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At the beginning of the third week of pregnancy there is ovulation and fertilization. The woman has not had her period so she will not know that she is pregnant.
On the first day, at 16-20h post-fertilization, the zygote appears. On day two, the embryo has four cells, day three eight and day fourteen, at this moment it is called a morula. The fifth day follows the increase in cells and is called a blastocyst.
On the sixth-seventh day the embryo reaches the uterus and begins its adhesion to the endometrium, implantation. Normally the woman during this week does not have any symptoms.
Tubal ligation consists of preventing the passage of sperm into the tubes, thus preventing fertilization.
The reversal of tubal ligation is not always satisfactory, the factors that may influence are age, time since surgery, and the technique used. In women under 34 years can reach 70% of pregnancies.
Another important factor is the length of the tube after surgery, which must be more than 4 cm.
We can consider reversing a tubal ligation in women under 34 years old and with a residual tube longer than 4 cm.
It is a "gonadotropin-releasing hormone antagonist" drug and acts against the action of this hormone (GnRH) produced by our hypothalamus.
Orgalutran is used to prevent the premature release of LH, which can cause spontaneous ovulation. It is used in IVF cycles to prevent ovulation because without its effect the risk of ovulation is high and would produce a significant reduction in the number of eggs retrieved in a follicular puncture.
The sperm ducts are made up of the epididymis, the vas deferens, the ejaculatory ducts and the man's urethra. They constitute a set of ducts whose function is to liberate the spermatozoa to the outside by means of ejaculation.
Anything can happen during 2WW. Since not noticing any symptoms to begin to feel the typical symptoms of pregnancy: tiredness, nausea, abdominal discomfort like menstruation ... Sometimes you can even bleed a little.
Klinefelter syndrome or 47,XXY is a genetic abnormality that occurs as a consequence of an incorrect division of homologous chromosomes during meiosis, which give raise to the gametes of one of the parents. It can also occur during the first divisions of the zygote.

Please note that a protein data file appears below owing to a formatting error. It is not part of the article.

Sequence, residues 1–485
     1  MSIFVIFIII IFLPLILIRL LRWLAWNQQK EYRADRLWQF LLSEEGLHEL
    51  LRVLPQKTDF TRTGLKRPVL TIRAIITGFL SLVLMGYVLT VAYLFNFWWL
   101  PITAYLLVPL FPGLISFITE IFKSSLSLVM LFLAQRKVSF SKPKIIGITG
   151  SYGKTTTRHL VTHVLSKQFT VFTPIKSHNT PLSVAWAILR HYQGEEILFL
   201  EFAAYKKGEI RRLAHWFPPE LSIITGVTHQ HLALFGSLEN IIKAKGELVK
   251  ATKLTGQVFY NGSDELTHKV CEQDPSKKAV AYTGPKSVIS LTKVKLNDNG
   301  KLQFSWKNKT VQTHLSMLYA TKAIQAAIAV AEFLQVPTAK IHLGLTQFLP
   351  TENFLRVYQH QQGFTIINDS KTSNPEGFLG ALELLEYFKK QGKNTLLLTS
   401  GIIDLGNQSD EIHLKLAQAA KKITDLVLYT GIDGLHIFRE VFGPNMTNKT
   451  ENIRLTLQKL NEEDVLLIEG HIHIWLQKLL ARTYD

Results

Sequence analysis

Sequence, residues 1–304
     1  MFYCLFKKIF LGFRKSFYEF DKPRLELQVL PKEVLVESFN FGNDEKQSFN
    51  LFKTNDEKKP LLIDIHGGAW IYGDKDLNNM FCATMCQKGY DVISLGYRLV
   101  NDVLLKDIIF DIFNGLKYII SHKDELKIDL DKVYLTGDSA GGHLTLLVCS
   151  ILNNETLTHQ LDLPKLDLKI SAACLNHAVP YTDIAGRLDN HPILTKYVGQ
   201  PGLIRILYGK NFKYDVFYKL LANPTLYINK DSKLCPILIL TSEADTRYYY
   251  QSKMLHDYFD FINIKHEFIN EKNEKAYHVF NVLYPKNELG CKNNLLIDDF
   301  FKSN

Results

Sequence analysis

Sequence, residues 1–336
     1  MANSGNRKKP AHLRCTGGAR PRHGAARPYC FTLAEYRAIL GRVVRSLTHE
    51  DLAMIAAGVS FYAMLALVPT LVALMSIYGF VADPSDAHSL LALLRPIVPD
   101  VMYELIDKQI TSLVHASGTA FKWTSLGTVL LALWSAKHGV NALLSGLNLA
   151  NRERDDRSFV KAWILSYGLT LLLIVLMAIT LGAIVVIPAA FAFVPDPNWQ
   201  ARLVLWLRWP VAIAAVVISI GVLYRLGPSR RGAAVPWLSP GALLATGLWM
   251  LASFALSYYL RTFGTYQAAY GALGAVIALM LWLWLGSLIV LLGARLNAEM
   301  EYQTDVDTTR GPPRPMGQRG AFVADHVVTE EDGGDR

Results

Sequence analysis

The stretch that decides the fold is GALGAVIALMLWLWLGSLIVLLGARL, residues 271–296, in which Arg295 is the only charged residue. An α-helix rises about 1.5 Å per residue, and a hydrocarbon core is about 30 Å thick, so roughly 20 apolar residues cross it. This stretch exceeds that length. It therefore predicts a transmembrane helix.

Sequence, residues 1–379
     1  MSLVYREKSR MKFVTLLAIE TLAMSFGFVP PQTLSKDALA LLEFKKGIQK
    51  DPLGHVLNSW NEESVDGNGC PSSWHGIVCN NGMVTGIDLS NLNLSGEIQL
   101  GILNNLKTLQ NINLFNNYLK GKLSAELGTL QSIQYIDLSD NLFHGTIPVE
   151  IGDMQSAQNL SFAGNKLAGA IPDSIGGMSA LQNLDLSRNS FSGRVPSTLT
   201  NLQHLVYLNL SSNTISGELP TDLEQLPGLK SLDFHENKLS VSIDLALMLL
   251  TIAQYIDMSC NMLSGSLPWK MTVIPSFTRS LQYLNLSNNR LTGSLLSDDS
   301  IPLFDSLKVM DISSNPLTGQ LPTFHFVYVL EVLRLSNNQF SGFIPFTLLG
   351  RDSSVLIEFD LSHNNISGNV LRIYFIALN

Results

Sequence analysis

Males affected by it suffer from hypogonadotropic hypogonadism, gynecomastia, learning disabilities, and infertility. It is the most common genetic disease in males. Some men, however, do not have symptoms, and they don't know that they have this condition until they are adults and have infertility issues.
Hypospadias is a birth defect that affects male babies. With this conditions, the urinary meatus is located in a place other than the external urethral orifice, such as the scrotum. There exist various types of hypospadias, from mild to most severe.
The fact that a woman has had repeated miscarriages in the past has nothing to do with the day of the embryo transfer. In most of the cases, it is associated with the chromosomes of the embryos. Keeping this in mind, ideally the best treatment option in these cases would be IVF with PGD (Preimplantation Genetic Diagnosis). With PGD, we examine 6-8 cells of each embryo. It allows us to find out which embryos are genetically norma and which don't.
By blastocyst culture we refer to keeping the embryos in the incubator until day 5-6 of development, that is, until they reach blastocyst stage. By doing this, we perform a much more thorough embryo selection process. The fact they they are capable of making it to blastocyst means that they have a greater implantation potential, as it was able to stay longer in the lab. Pregnancy success rates depend on age, though.